News and horror from the last two weeks


Council has crossed a significant milestone by passing a new phasing and financing plan at a special meeting on Dec 14. It covers the way that the city will pay for greenfield development and control the rate of residential growth.

The guiding principle in designing the plan was that growth would pay for growth. And one way this will be achieved, says administration, is by shifting the way that greenfield developments are paid for. Developers will now be expected to cover the entire cost of infrastructure that directly serves their development.

Meanwhile, the city will charge servicing fees that will cover infrastructure needed for new developments that also benefits the wider community. Those servicing fees will only cover a percentage of the new infrastructure’s cost, with the city covering the rest.

The new servicing fees will be phased in over three years and start at $346,000 per hectare in 2016 and rise to $451,000 per hectare in 2018.

As for the phasing plan, it limits the areas in the city that will be made available for development to allow an orderly outgrowth of the city as the population grows.

Representatives from Dream (formerly Dundee) Developments, Harvard Development and from the Rosewood Park Alliance Church (who are developing the Rosewood neighbourhood) appeared before council to express their support for the phasing and financing plan.

Great! City council and the development community love the plan. It’s a clear sign that absolutely nothing could possibly go wrong. /Paul Dechene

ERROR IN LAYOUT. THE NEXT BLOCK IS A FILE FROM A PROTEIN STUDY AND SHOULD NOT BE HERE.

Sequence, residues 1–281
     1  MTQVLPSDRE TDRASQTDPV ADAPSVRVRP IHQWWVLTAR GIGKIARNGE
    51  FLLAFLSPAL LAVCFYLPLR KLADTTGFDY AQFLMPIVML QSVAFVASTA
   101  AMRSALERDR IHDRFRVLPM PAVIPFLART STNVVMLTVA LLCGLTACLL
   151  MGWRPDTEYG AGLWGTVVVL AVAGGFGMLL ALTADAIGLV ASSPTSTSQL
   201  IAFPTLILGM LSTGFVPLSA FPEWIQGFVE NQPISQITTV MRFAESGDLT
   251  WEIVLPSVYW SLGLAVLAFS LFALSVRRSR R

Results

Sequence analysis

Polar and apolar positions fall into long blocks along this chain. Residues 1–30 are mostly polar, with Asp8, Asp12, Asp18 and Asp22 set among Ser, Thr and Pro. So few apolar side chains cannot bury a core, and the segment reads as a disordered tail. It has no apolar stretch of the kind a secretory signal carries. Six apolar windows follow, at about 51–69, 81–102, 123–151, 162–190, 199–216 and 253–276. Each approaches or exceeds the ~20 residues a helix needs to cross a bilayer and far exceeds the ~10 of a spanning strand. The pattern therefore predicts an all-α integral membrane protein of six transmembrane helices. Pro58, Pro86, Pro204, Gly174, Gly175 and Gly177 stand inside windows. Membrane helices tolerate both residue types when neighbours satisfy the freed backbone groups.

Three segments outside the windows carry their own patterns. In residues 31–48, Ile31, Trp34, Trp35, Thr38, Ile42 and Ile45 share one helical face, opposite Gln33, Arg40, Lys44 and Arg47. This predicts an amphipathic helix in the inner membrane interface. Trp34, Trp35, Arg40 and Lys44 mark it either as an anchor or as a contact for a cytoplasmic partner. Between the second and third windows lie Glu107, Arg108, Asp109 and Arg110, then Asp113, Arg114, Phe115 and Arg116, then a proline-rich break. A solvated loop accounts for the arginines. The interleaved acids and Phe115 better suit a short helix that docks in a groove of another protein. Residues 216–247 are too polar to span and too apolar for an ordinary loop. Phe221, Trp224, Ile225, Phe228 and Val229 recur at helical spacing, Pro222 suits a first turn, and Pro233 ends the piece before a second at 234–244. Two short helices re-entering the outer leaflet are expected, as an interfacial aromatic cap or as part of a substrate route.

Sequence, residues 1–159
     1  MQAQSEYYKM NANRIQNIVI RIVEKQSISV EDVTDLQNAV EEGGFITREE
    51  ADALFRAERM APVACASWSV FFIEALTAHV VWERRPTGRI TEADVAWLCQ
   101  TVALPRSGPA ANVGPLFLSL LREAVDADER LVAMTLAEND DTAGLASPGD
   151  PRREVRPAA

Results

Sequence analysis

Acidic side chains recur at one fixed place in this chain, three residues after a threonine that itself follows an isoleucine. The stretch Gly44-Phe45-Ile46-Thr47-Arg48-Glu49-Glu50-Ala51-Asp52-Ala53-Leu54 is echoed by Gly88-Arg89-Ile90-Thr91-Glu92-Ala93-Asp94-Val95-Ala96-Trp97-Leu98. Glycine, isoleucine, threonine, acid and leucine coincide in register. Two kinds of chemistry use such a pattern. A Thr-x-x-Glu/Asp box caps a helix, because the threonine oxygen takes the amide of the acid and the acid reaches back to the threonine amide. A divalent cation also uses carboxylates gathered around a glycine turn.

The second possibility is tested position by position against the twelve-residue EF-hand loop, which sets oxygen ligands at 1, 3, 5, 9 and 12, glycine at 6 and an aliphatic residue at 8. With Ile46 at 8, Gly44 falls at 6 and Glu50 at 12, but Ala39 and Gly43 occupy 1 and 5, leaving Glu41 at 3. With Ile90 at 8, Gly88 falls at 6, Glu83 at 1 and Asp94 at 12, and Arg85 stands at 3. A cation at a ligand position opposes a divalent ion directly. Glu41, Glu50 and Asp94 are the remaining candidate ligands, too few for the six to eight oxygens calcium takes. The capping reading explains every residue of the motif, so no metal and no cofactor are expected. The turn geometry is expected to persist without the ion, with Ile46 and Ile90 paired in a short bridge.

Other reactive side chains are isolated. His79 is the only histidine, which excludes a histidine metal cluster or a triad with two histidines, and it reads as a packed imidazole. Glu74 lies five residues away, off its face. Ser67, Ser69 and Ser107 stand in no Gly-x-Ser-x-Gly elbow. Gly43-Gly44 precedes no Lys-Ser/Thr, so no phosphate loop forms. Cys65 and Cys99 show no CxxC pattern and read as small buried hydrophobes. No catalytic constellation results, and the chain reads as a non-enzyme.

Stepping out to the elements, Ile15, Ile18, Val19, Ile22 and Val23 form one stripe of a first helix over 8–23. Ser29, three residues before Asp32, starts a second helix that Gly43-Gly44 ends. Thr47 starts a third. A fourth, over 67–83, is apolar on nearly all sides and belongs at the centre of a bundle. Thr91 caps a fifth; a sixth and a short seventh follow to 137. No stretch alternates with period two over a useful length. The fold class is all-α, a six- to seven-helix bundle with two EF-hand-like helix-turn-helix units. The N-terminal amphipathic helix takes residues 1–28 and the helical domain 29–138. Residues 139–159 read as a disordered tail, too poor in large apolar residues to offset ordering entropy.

Maybe I’m late to the party on this, but it was recently brought to my attention that the City of Regina’s advisory committees haven’t been meeting very much lately. Advisory councils are made up of members of the general public, and while they have no decision-making power, their role has been to provide input and advice to council. However, after reviewing the city’s meeting schedule, turns out most of the advisory committees haven’t met since December 2014. The Municipal Heritage Advisory Committee had one meeting in January 2015 at which it renewed its membership in Heritage Saskatchewan, but nothing since then. And the Accessibility Advisory Committee has maintained a reduced but still semi-regular schedule this year, meeting in January, May, September and October.

As for the Arts Advisory Committee, the Community Leaders Advisory Committee, the Community Services Advisory Committee, the Crime Prevention Advisory Committee and the Environmental Advisory Committee? They’ve all been MIA throughout the now very nearly ended 2015.

What gives?

I spoke with City Clerk Jim Nichol, who explained that the advisory committees have been put on hiatus while administration conducts a review of the committee structure.

Nichol says that the role of the advisory committees needs clarification and they are researching models used in other cities. He doesn’t expect a recommendation to come forward before the fall municipal election and after the new council has survived the crucible of their first city budget that winter. /Paul Dechene